They would be better investing their money into effective reneweables.
    Instead of trying to keep using their stranded assets.

    • greywarshark 4.1

      I remembered a few weeks ago, one of the ideas put forward for using the land on Christchurch’s coast for dealing with sewage. Someone advised that at present Christchurch’s sewage is piped far out to sea and then released. That seems a short-term solution due for rethinking, especially now they have this large area of land to deal with.

      The eastern coastline and a way inland that was so broken by the earthquake and is low-lying so will be inundated by storm surges and sea rise. I liked the idea of wetlands filtering storm water and second-treatment of sewage. I have seen this I think in Whangarei.

      Included in the scheme could be transition technologies that are practical and will pay for themselves in say ten years. (After that they might be destroyed by weather events.)

      I have the idea that it is like walking through a bog in gumboots when trying to get clever and practical and cost-effective things done now for the near future. (You have to reach down and tug out the back gumboot before taking the next step forward, and repeat etc.)

      But perhaps my ideas are not up to date. Is there a real impetus now for getting smart and good environmental projects onto the drawing boards, costed, planned and being implemented. How are things going in your area? I can’t think of a good example here in Nelson area at present but probably I have overlooked something.

      • KJT 4.1.1

        Christchurch has extensive filtration and settling ponds. You can see them from the air. Also biodigesters producing methane, which is used for energy on site.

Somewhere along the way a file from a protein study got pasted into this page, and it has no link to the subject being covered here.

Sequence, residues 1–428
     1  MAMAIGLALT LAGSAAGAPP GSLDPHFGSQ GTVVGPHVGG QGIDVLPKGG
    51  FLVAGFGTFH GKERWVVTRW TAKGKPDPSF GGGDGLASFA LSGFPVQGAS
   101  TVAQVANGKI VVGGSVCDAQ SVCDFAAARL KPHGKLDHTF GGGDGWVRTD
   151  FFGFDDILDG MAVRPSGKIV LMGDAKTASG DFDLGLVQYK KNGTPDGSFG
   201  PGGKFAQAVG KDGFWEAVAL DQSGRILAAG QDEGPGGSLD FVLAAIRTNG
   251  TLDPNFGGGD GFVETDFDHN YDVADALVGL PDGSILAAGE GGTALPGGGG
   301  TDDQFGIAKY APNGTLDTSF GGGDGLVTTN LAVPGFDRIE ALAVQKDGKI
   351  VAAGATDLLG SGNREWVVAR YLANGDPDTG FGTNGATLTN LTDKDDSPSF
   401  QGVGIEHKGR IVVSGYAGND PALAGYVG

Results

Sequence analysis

Whangarei is interesting in that the final treatment is entirely natural, using a wetland for both settling out sludge and final filtration. The result is clean enough to go into the river.

        Many smaller places still struggle to meet the costs of proper treatment.

        Note that there are already consents for wind farms that haven’t gone ahead as gas has got cheaper.

        I think NZ is really lagging with sustainability. The political will, apart from the Greens, who have little power, is lacking.

        Shaw is quietly trying to get cross party consensus on where to go. But at present, while I admire his optimism, the push back from vested interests, has prevented any real progress.

      • KJT 4.1.2

        Methane to a combined cycle gas plant, from sewerage and waste is one promising possibility for sustainable energy.
        One of my Uni papers was on using woody waste for energy for industry, such as forestry.
        Fuel for drying kilns, transport and heat onsite.

        There are always pros and cons.
        Removing the waste means the soil has to be supplemented more to fertilise, regrowth.
        Transporting waste is an energy cost, unless it is used close to the harvest area, for example.
        The amount of land which needs to be planted to produce significant energy.

        And, Is planning fast growing conifers the best long term use?
        Slower growing hardwoods are more durable, capture carbon for longer, and are worth more, but are slower, decades, to harvest. Not a short term invesment.

        Like a lot of sustainable projects, we have been half baked, in the amount of research that is funded.

        • WeTheBleeple